Human Rights Committee | ISHR calls on Thailand to do more to protect human rights of survivors of enforced disappearances


In a submission to the UN Human Rights Committee, ISHR highlights Thailand’s failure to comply with the Committee’s recommendations on enforced disappearances and that more must be done to protect relatives and spouses surviving the disappeared.

Angkhana Neelapaijit

State parties’ fulfilment of obligations under the International Covenant on Civil and Political Rights (ICCPR) are periodically evaluated by the Human Rights Committee (HRCtee). The HRCtee is expected to assess Thailand’s compliance with recommendations the HRCtee prioritised during its most recent review of Thailand in 2017.

To feed into the review, ISHR filed an assessment of actions taken by Thailand to implement the HRCtee’s recommendations on enforced disappearances. The submission focuses on Thailand’s violations of the rights of Angkhana Neelapaijit regarding the disappearance of her husband Somchai Neelapaijit in 2004, a lawyer and human rights defender who publicly spoke out against the State’s treatment of Malay-Muslims in the Southern Provinces. 

In Thailand, most victims of enforced disappearances are male, which means the on-going impact of the disappearance disproportionately falls on women spouses and relatives who survive them. Spouses like Angkhana are left to carry the burdens of seeking justice, caring and providing financially for their families in a discriminatory society where their employment options are limited. 

ISHR’s submission argues that Thailand’s actions regarding the disappearance of Somchai Neelapaijit illustrate the way the State violated Angkhana’s rights under the ICCPR and failed to comply with the HRCtee’s recommendations to:

(a) Ensure that cases are reported and that prompt, impartial and thorough investigations are carried out into all allegations and complaints concerning the unlawful and excessive use of force by law enforcement officials and the military, including torture, enforced disappearances and extrajudicial killings, including in the context of the southern border provinces. It should also ensure that perpetrators are prosecuted and, if convicted, punished with appropriate sanctions;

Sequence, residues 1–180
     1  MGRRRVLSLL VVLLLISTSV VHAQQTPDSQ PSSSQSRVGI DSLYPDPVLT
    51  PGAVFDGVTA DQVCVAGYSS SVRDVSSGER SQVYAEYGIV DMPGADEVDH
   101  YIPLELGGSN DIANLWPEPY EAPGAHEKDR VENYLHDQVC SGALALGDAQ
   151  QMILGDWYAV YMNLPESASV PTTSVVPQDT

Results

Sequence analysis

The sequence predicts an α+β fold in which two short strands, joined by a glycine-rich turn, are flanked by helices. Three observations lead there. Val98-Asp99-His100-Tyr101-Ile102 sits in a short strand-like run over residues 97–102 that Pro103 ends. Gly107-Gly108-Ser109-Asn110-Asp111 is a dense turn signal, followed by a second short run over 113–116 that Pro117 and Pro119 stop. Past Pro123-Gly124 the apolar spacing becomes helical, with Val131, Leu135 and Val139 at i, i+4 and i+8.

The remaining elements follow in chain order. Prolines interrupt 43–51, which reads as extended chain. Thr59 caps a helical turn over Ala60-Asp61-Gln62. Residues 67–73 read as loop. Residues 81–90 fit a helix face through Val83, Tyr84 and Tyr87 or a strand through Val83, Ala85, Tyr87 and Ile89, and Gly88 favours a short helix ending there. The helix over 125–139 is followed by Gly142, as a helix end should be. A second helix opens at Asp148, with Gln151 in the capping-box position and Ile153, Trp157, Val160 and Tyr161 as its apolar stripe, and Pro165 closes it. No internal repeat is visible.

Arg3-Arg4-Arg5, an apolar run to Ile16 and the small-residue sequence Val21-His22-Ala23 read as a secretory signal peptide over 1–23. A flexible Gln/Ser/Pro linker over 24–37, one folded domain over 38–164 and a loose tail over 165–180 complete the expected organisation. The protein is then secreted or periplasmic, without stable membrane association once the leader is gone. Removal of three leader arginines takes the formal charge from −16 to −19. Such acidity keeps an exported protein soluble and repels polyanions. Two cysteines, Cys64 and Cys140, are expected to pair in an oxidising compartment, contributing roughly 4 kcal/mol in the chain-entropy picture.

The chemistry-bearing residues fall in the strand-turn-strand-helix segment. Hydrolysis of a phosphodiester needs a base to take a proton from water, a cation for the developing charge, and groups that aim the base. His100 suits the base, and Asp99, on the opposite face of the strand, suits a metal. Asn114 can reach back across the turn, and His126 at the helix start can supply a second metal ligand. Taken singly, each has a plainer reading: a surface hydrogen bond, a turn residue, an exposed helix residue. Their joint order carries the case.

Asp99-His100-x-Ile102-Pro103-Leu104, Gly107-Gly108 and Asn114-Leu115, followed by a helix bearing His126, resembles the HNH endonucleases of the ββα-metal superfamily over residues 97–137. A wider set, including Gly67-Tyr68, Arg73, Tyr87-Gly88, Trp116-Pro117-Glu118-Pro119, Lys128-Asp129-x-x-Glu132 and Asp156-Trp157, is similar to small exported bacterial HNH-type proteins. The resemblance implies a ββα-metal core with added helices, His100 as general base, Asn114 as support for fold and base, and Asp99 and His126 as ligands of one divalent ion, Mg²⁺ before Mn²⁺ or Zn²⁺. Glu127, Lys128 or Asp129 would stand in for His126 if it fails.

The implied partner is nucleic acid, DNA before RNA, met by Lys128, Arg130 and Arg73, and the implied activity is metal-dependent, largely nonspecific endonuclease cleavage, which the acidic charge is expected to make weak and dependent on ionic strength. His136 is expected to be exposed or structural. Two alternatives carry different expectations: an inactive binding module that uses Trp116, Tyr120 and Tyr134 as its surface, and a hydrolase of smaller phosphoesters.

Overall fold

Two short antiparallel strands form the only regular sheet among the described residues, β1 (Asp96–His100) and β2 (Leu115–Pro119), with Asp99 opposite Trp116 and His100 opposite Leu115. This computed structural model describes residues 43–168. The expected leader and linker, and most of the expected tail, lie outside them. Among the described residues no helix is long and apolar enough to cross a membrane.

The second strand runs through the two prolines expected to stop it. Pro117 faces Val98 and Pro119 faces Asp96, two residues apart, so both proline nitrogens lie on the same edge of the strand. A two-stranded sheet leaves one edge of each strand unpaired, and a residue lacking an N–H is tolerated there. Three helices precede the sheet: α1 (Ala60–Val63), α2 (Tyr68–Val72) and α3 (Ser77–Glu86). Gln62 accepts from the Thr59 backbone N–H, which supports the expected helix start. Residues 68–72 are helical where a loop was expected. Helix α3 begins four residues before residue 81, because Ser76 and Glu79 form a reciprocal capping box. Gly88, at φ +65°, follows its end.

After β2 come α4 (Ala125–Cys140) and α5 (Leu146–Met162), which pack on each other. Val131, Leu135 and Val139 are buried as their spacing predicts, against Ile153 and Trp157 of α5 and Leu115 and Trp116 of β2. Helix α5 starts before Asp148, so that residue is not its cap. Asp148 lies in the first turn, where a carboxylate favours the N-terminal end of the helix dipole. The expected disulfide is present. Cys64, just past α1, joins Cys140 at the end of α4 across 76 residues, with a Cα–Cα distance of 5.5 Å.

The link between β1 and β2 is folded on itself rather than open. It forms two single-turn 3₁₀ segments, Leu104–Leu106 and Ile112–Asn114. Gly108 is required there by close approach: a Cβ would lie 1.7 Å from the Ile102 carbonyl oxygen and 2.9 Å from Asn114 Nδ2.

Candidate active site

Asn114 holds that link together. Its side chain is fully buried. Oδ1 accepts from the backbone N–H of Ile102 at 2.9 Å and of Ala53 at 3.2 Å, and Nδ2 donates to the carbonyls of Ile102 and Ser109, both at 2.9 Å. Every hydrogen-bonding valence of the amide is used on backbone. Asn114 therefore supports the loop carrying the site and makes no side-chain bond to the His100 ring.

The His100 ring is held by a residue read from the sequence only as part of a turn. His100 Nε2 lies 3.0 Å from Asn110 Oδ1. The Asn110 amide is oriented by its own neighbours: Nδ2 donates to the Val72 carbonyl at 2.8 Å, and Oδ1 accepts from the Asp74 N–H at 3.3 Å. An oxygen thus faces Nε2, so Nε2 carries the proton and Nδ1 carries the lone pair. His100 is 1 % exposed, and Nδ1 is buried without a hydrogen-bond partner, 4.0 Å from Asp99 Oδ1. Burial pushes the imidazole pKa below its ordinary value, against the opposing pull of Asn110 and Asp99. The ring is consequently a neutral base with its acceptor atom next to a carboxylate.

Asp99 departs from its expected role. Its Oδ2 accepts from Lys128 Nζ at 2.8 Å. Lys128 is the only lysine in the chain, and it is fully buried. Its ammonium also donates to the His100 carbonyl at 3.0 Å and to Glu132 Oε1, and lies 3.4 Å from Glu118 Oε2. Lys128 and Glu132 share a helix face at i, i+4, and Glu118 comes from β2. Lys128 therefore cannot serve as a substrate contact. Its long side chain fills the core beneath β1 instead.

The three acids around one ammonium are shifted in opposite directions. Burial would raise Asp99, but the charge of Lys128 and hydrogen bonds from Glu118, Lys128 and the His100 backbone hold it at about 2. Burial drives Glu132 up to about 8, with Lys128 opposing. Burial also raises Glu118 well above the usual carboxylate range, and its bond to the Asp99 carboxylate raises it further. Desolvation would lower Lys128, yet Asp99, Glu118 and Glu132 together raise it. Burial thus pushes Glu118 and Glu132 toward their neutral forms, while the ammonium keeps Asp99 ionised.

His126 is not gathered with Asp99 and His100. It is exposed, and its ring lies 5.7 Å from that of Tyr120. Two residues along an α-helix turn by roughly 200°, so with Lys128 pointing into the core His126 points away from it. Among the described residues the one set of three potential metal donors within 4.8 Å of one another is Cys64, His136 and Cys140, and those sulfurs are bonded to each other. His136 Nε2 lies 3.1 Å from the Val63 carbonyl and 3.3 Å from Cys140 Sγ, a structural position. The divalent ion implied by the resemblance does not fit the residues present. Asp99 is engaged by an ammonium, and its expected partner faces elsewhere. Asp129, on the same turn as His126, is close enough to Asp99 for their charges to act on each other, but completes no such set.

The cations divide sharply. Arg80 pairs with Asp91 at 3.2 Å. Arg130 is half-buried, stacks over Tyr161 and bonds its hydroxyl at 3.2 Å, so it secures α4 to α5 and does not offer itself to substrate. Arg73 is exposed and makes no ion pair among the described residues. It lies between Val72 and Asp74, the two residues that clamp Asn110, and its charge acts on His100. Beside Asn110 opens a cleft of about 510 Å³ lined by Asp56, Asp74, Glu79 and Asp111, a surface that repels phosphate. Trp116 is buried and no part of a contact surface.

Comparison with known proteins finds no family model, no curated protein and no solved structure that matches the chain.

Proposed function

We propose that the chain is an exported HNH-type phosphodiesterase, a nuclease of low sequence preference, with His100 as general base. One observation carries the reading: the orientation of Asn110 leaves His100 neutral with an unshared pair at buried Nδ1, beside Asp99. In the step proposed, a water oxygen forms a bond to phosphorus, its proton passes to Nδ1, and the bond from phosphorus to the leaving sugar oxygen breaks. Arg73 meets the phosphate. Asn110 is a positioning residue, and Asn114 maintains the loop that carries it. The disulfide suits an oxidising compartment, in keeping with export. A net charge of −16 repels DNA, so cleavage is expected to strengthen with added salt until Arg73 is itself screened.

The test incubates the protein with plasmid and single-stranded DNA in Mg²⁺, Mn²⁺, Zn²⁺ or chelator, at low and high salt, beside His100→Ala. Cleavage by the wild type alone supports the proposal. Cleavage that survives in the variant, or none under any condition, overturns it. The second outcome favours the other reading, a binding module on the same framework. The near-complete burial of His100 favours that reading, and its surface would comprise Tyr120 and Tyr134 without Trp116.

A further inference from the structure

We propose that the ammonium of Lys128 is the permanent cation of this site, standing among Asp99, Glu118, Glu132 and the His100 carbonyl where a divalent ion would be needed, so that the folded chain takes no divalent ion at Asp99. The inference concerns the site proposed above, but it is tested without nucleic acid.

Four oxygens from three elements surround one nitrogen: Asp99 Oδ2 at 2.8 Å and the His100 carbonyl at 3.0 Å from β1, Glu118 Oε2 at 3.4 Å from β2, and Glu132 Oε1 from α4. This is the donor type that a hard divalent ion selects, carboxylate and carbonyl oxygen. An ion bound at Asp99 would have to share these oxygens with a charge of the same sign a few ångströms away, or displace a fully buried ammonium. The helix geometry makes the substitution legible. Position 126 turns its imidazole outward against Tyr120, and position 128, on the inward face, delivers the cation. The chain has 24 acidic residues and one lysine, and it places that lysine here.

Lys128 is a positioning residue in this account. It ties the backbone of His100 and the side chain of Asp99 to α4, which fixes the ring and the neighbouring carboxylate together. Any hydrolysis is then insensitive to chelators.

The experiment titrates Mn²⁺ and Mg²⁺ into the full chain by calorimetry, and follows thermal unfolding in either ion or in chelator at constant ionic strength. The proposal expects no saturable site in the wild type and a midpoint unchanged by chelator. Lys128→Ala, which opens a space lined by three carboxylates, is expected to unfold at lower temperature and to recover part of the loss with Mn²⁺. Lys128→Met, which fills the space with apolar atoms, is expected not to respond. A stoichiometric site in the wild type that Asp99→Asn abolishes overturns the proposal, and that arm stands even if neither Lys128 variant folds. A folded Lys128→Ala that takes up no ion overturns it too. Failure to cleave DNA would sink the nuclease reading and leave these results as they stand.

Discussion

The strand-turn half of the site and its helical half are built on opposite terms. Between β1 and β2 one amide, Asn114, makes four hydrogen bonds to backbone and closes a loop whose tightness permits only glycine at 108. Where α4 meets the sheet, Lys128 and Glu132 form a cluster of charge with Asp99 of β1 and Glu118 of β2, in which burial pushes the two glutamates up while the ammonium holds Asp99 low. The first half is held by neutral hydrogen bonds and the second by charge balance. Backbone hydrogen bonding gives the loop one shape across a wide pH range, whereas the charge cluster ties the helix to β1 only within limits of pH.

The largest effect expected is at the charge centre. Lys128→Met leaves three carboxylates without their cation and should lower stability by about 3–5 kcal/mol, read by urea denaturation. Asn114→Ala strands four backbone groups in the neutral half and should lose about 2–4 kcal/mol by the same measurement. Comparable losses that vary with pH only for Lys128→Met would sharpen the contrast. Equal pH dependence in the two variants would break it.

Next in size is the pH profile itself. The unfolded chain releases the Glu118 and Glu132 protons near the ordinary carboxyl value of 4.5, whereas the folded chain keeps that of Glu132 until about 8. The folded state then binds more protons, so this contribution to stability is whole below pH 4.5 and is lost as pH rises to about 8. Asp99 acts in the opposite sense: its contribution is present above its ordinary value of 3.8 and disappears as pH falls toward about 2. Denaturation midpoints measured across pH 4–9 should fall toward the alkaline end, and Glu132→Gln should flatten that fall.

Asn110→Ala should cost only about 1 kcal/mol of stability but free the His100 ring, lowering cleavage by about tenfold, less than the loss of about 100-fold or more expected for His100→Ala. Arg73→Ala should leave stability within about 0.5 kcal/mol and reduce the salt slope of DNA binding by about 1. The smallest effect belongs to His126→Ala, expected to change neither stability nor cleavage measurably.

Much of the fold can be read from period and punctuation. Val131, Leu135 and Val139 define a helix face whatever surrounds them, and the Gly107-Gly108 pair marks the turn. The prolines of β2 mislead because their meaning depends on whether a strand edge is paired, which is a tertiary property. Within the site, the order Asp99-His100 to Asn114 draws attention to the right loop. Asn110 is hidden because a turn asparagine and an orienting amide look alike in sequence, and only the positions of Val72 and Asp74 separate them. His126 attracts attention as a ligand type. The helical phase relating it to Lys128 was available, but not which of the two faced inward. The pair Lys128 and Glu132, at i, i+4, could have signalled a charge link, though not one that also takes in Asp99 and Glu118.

(b) Provide the truth about the circumstances of those crimes and, in cases of enforced disappearances, clarify the fate or whereabouts of the victims and ensure that their relatives are informed about the progress and the results of investigations; and

(c) Ensure that the victims are provided with full reparation, including satisfaction and guarantees of non-repetition. 

Despite Angkhana’s sustained efforts, no perpetrators have been held to account and she has not been provided with the truth or adequate reparation for her husband’s enforced disappearance. Since the HRCtee’s review in 2017, the State has failed to protect Angkhana Neelapaijit and her family from threats, harassment, smear campaigns and increased isolation from their community.

ISHR’s submission underscores that, in order to fulfill the HRCtee’s recommendations on enforced disappearances, Thailand must:

  • Enact legislation on the prevention and suppression of enforced disappearances, which recognises the family of those that are disappeared as victims of such crimes;
  • Take appropriate measures to address the gendered impact of enforced disappearances and the intersecting forms of discrimination faced by Muslim women in the southern border provinces, in particular widows and women heads of household; and
  • Ensure that women whose spouses or other family members have been subjected to human rights violations have access to effective remedies and obtain justice, including by ensuring that such violations are thoroughly investigated, alleged perpetrators prosecuted and, if convicted, punished with appropriate sanctions.

‘This follow-up review represents a key opportunity for the HRCtee to recognise Thailand’s lack of compliance with its recommendation on enforced disappearances,’ said Tess McEvoy, ISHR’s Legal Counsel and Programme Manager.

In 2018, ISHR and the International Commission of Jurists filed an individual communication to the Committee on the Elimination of Discrimination Against Women (CEDAW) on Ankghana’s behalf. ‘Our communication highlighted the impact of enforced disappearances on the relatives of the disappeared. ISHR is committed to pushing for the recognition of the gendered impact of enforced disappearances in Thailand,’ said Pooja Patel, ISHR’s Programme Director on women human rights defenders.

Contact: Tess McEvoy

Photo: iLaw TH 


  • Asia
  • Human rights defenders
  • United Nations
  • Women's rights and WHRD
  • Committee on the Elimination of Discrimination against Women (CEDAW)
  • Human Rights Committee (CCPR)
  • UN Human Rights Treaty Bodies
  • Thailand